Four Shillings Short, |
Dodging Lodging is a relatively recent release featuring Christy Martin on vocals, hammered dulcimer, mandolin, sitar and bodhran, and Aodh Og O Tuama on vocals, tinwhistles, recorder, spoons and dumbek. It is a selection of their work recorded at various concerts from 1997 through 1999.
For a live CD, there's very little representation of the audience. There's some sparse clapping at the end of some of the tunes, and it's usually clipped quite short. Because it was recorded in different venues, there are some inconsistencies in the recording quality among the selections. And there are occasional mistakes that, for the most part, are forgivable because it is a live recording. However, given the duo's concert schedule, I would have thought they could have culled more selections that were of better quality over the course of three years to put this CD together.
The duo's style is unique and inventive. Most tunes on the CD stray from the traditional version in intriguing ways. The first cut is a medley of traditional Irish tunes including "Behind the Haystack" (a.k.a. "Munster Buttermilk"), "Banish Misfortune" and a tune they call "The Blarney Turk." If you listen carefully, you'll realize that it is "The Blarney Pilgrim," played by moving the dulcimer pattern up one string on the dulcimer, changing the key to E phrygian. Several other songs on the recording have either variations of the melody or variations of the words that keep listeners on their toes, making their performance a "thinking person's" entertainment. You have to pay attention, because the song may not end the way you think it should, as in "Oh my darlin', whatshername." And while there are songs on this CD I've never liked (I think "The Irish Ballad" is one of the most tasteless songs ever written), the duo has a good selection of American and Irish folk songs that showcase their talents. There's also a wonderful song that Martin wrote, called "Spousal Equivalent," that is a spoof on modern relationships. It's cleverly written and a real treat.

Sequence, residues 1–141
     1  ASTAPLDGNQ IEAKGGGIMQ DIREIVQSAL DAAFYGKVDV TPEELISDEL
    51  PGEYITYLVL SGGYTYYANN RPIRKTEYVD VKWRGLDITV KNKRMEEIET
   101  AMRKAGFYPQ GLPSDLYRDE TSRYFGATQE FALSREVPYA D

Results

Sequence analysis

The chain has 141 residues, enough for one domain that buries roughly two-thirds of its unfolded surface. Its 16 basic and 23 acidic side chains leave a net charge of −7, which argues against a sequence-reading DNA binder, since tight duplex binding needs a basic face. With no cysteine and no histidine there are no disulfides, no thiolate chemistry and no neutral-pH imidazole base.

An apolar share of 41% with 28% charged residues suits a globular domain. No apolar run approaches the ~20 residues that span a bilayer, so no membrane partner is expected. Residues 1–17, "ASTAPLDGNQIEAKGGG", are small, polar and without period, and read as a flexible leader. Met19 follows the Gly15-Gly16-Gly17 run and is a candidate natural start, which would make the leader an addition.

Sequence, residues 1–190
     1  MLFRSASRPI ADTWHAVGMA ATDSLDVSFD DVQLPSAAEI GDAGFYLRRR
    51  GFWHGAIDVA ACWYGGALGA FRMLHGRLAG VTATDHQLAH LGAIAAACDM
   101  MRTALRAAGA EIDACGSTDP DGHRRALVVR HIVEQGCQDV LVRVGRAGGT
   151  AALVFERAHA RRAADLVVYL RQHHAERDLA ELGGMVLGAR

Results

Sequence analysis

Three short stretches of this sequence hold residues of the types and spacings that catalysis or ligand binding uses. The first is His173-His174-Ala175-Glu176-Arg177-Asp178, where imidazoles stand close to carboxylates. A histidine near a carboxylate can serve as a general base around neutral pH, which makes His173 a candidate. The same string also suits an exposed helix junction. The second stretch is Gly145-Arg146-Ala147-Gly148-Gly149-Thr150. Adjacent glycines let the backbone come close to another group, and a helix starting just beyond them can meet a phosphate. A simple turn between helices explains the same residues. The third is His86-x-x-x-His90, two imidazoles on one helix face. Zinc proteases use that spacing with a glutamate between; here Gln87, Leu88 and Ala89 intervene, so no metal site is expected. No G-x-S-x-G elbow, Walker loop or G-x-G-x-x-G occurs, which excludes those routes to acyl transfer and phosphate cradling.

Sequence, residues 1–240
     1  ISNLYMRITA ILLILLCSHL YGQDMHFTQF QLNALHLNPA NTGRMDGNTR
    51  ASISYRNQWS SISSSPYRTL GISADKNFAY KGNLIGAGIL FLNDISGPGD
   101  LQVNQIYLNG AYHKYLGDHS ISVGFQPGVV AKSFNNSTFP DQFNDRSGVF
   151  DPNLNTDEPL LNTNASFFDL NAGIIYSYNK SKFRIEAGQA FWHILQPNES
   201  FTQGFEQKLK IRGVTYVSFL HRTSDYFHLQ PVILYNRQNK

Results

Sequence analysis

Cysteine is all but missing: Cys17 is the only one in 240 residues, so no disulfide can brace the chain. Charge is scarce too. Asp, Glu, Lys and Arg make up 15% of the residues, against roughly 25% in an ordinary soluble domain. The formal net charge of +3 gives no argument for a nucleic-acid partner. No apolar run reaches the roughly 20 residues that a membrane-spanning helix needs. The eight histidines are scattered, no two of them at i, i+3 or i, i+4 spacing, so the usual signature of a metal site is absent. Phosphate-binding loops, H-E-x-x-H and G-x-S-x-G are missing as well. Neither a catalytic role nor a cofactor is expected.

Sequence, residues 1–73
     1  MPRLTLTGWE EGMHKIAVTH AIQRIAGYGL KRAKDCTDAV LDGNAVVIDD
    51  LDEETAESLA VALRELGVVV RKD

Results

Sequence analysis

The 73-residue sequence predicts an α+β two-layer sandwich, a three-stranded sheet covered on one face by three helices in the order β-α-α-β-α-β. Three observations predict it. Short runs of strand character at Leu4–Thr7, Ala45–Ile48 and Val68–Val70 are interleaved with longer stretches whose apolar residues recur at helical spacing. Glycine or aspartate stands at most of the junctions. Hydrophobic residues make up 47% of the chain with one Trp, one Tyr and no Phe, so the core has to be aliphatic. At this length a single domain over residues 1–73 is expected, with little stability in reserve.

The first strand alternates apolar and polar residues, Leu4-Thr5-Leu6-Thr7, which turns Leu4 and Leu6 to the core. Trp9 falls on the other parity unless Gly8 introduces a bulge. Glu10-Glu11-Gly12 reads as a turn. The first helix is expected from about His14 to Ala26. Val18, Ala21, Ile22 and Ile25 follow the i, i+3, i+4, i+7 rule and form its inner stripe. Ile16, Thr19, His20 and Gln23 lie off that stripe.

The dulcimer isn't Martin's strongest instrument, and there are so many mistakes in the first cut I wouldn't have included it at all, much less made it the first cut on a recording, especially since there is an additional piece ("Cooley's Reel/Pigeon on a Gate/The Dunmore Lasses") that proves she's better than that. However, she employs the dampers on her dulcimer in the most judicious way I've ever heard. Many dulcimer players just use them cause they're there, and the effect, especially in Irish music, can be awful.
Unfortunately, in the middle of this Irish-American folk music, there's an eleven-minute sitar piece. It's not that I don't like sitar music -- I do, especially when I'm sitting in an Indian restaurant. And to my untrained-sitar ear, it sounds like a masterfully executed piece. However, it's so different from everything else on the CD, it seems totally out of place. Perhaps if there were some explanation other than it's the oddest and longest Raga they know, it would have made sense.
Which brings me to another pet peeve. Normally, when I look at a CD, I'm looking at a whole package. The cover and liner notes complement the music, and there's usually some kind of theme that draws the whole presentation together. From that perspective, the cover and liner notes for Dodging Lodging provide no help whatsoever. Plenty of comments are provided for each tune, but there's no reference to the title of the CD and what it might mean, or what the pictures on the cover have to do with anything -- they certainly don't seem to be representative of any of the tunes. The end result makes me feel like I'm looking at some kind of inside story.
And yet, for all its quirks, after listening to the whole CD, I would really like to see these folks perform. Martin's voice is powerful, with a broad range, and it balances well with O Tuama's rich tenor and Irish brogue. The overall personality of this CD is fun, alternative, clever, energetic and perfect for folks who like their traditional music served up in a nontraditional style.
[ by Alanna Berger ]